Teaching Toddlers to Be Kind
Updated: 7 days ago
If you have a toddler in your life, you know they are not always kind! You may have been informed your child bit at childcare, or seen a toddler touch a baby gently and then instantly go in for a hair pull, or observed a sweet young girl throw down a fellow childcare peep... or, like me, had a toddler run excitedly toward you, only to take both hands and drive them into your face. UHG! Toddler aggression and physical expression of feelings can not only hurt us, but also drive us crazy! So, how do we teach these little beings to be kind? Watch Naptime Nugget 51, read some of the tips below, and access resources like the great video by Conscious Discipline below.
In Part 1 - We consider how to teach toddlers to be kind in everyday moments with fun activities. Check out NN #52 for Part 2 - Promoting Toddler Kindness During Difficult Moments.
1) WHY is it difficult for toddlers to be kind?
Well, consider when you might find it difficult to be kind. For me, it is when I am experiencing strong feelings, feeling stressed, or when someone has been mean to me. During Naptime Nuggets, Jackie, home childcare provider, also noticed children might not be kind when bored, hungry, tired, or sick.
Another reason? Toddlers have not developed the higher level thinking skills and ability to control impulses, feel empathy for others, know what to do with big feelings (including curiosity), and manage their stress in group settings. They also lack the necessary language skills to "use their words".
What can you do before toddler aggression occurs to build their capacity to act kindly? Get started today! It will be worth the effort!
1) Seek "joint attention" with the child
Our youngest start out seeing other children more as objects than other humans and are actually quite self-centered! They may kick a box just as they may kick a child. Poking someone's eye simply seems interesting to young tots (especially when a big reaction follows)! Meet with a mutual gaze, looking at each other or an object. Then, when your attention is synced, show what you want the child to see, hear, or feel. We can use joint attention to develop understanding and help toddlers learn to connect, attach, love, and be kind to others.
You can use opportunities to build a strong bond. For example, when you are going to take the youngster from her father's arms, you might say, "Mary, can I hold you?" and invite her to your arms. Tune in and wait until the child leans in and opens her arms. This is modeling respect and kindness for others, as well as building a strong attachment as you follow the little one's cues. Even infants will send a message if they want you to hold them or give them space! Take time to tune in and connect, as invited by the infant.
2) SYNC to teach the lesson on kindness during that interaction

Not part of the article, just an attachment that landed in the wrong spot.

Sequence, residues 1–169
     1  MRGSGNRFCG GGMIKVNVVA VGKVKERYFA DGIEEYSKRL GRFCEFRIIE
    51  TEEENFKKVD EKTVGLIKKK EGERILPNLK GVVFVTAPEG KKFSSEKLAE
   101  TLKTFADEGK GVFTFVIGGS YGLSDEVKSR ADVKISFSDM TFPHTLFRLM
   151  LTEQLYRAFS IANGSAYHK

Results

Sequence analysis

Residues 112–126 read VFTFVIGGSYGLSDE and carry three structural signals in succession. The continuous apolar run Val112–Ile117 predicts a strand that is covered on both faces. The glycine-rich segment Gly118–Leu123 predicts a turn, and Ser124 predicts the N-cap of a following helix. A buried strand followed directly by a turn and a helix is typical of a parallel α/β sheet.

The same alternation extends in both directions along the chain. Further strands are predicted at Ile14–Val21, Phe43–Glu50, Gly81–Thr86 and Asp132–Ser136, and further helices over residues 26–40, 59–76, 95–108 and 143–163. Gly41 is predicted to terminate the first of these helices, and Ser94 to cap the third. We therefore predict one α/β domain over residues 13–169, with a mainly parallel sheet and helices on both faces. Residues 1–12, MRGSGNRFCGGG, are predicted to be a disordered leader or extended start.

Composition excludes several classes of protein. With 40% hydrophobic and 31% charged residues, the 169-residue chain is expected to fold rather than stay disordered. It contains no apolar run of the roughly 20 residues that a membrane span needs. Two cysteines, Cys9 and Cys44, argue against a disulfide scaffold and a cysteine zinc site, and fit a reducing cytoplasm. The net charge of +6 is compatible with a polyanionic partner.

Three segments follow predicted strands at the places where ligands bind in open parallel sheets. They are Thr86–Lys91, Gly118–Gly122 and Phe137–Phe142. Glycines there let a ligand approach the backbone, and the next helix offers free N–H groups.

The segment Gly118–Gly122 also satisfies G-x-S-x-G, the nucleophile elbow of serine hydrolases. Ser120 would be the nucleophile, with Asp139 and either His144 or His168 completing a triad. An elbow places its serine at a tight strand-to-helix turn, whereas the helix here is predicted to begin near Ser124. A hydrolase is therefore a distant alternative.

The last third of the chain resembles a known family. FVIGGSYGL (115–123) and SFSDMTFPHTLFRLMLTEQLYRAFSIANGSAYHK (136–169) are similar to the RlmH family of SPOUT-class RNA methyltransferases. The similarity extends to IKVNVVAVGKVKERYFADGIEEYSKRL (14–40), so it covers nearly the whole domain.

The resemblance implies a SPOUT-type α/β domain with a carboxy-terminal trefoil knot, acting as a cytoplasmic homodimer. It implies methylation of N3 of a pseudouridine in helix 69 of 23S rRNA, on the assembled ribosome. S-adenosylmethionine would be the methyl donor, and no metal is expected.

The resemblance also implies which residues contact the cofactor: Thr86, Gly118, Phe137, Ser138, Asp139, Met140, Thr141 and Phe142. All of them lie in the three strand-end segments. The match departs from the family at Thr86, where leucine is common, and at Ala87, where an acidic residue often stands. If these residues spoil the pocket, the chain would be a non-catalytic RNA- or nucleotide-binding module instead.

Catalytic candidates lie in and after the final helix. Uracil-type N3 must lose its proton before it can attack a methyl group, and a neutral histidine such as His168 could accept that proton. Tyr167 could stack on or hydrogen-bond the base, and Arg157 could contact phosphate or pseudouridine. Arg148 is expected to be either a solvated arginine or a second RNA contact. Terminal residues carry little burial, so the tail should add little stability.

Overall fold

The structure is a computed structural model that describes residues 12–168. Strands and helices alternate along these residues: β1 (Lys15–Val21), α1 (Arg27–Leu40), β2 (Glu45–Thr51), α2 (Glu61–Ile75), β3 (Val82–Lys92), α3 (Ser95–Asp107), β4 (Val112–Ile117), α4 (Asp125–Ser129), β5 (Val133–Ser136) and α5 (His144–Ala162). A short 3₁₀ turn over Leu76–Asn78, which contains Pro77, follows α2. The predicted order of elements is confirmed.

SHARE! If the child goes to take a toy from you, do not just give it up! Use the joint attention to teach - "Mommy has it. My turn. Mommy plays with it." Within a few seconds, say, "OH! NOW it is YOUR turn! YAY. Mommy is kind". Take the mutual-gaze opportunity to reinforce and get excited about "giving" and "kindness".
PLAY. Use circle time to practice kind behaviors. During this wonderful video, Becky Bailey, Conscious Discipline, explains, describes, and acts out how to do Baby Story Time in a way that teaches toddlers to be kind. If you wondering... yes, it is WORTH IT! :) https://www.youtube.com/watch?v=Ihx7mzkIQAA
Practice and praise giving! Give a toy to the toddler and say "GIVE!" Then encourage them to give it back - saying "GIVE" and encouraging the motion with your nonverbals. Literally will the child to give it to you with positive energy (like you would during peekaboo or another game). Reinforce, "YES! GIVING! Giving is FUN!"
Provide care opportunities with the baby doll. Encourage the toddler to put a bandaid on the “hurt” baby. Have a baby bath station and other activities where you can practice and reward kind behavior! Get excited about the use of "gentle hands" as you show the actions with your own doll.
Toddlers have a LOT to learn. It will be the hundreds of wonderful and kind actions, activities, and modeling you do that will make all the difference. Most of the brain development each child has in a lifetime happens between 0 and 3 years. Never underestimate your power as a BRAIN BUILDER! Love and kind attention is a HUGE brain-building gift. So, keep lovin' up those toddlers!
Side note: We see toddlers struggle. They hit, bite, scream, and push to get a toy, space, and communicate strong feelings. But, at their core, toddlers are kind. They do want to help. Here is some of the evidence:
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